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There are plenty of options for comfortable, low-profile hydration packs.

Also, alcohol can have a way more potent effect, making altitude sickness even worse. Lay off the booze when you’re going to be running at elevation. Some people find they get dehydrated more easily at elevation, so drink water like a fish. Add an electrolytes (such as Hammer Endurolytes or Skratch Labs) if you’re running in the heat or for longer, multi-hour efforts.

Focus on form and breathing

It’s always important to run with good form, but it is even more essential at altitude since the body will fatigue faster. Too often people run like Quasimodo, in a hunched-over position. Make a point of practicing standing up taller, relaxing the shoulders down, and envisioning a string leading from the chest down the trail. This will help expand your lungs to maximize air intake.  Once you’re in the mountains, if you feel like you’re gasping for air due to the lack of oxygen, slow down. Avoid hyperventilating. Take slow, deep, even breaths. Stop if you need to catch your breath.

Also, when running uphill, don’t squat like you’re on the toilet. This puts too much strain on the quads and doesn’t use the glutes to their fullest potential. I’ve heard the term “blown quads” but never “blown glutes.” The glutes are one of the strongest muscles in the body—activate them by tilting the pelvis forward, tucking your tail (as in yoga), and taking smaller steps.

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Rory showing good form — keeping her body upright and her feet beneath her.

Pace Yourself

Recovery takes longer at altitude. For an all-day effort, or during a race, start out at a comfortable, conservative pace and then pick it up later on if you feel good. If you start out too fast, it will be more difficult for the body to recover in the thinner air.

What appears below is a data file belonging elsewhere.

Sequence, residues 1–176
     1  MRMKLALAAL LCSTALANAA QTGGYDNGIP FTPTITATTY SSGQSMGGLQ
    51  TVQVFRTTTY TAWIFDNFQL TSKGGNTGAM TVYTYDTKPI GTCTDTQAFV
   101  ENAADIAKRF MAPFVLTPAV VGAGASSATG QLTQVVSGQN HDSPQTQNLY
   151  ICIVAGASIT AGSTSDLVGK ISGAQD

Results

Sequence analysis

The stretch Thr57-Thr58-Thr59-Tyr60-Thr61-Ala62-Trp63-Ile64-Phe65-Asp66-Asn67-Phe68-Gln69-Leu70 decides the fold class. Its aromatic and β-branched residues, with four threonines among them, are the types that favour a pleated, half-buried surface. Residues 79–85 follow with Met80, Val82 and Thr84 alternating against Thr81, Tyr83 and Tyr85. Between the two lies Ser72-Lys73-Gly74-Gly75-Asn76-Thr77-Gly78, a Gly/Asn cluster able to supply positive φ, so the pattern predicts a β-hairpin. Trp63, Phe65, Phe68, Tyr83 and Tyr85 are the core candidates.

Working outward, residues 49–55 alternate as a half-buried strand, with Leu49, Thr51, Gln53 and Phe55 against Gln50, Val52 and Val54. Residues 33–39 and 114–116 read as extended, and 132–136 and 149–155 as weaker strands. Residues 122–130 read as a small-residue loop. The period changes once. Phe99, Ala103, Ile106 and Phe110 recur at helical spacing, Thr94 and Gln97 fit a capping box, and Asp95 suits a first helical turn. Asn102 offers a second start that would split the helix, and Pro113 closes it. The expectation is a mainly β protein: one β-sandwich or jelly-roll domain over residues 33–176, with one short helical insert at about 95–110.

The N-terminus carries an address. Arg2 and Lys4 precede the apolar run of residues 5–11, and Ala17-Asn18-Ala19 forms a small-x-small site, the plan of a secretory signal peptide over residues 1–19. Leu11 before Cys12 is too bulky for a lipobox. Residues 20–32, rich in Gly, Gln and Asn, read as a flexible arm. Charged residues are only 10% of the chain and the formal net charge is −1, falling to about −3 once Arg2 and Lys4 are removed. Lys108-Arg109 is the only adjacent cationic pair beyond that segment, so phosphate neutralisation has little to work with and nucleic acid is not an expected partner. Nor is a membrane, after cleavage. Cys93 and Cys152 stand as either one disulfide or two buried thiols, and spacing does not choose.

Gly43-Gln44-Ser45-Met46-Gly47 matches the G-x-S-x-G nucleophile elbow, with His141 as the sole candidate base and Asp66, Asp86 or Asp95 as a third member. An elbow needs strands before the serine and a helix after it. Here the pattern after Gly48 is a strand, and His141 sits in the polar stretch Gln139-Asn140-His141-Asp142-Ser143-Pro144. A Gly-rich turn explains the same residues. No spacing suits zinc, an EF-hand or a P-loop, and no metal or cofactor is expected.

Pump it up!

Strength training is a must, especially if you live in a flat area but will be running in mountainous terrain. Basic circuit training that focuses on functional strength and larger muscle groups can help mimic the effect of running uphill.  No fancy gym membership is required. Exercises such as push-ups, pull ups, tricep dips, core work, box jumps, a few plyometric moves, single leg squats and lunges increase strength while helping prevent injuries as well. Bust out a circuit of 3 sets of 10 exercises a couple times a week and you’ll be climbing uphill like a mountain goat!

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With a little effort plus a few minor adjustments, finding one’s happy place in thinner air is very attainable. I know I’m happiest when I’m high … on a mountain, that is (or when making extremely bad puns!).

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1Comments

Here's what the community has to say.

Ryan Conklin

Ryan Conklin

Helpful article, particularly the point about tucking the tail bone to activate the glutes more on uphills. Thanks!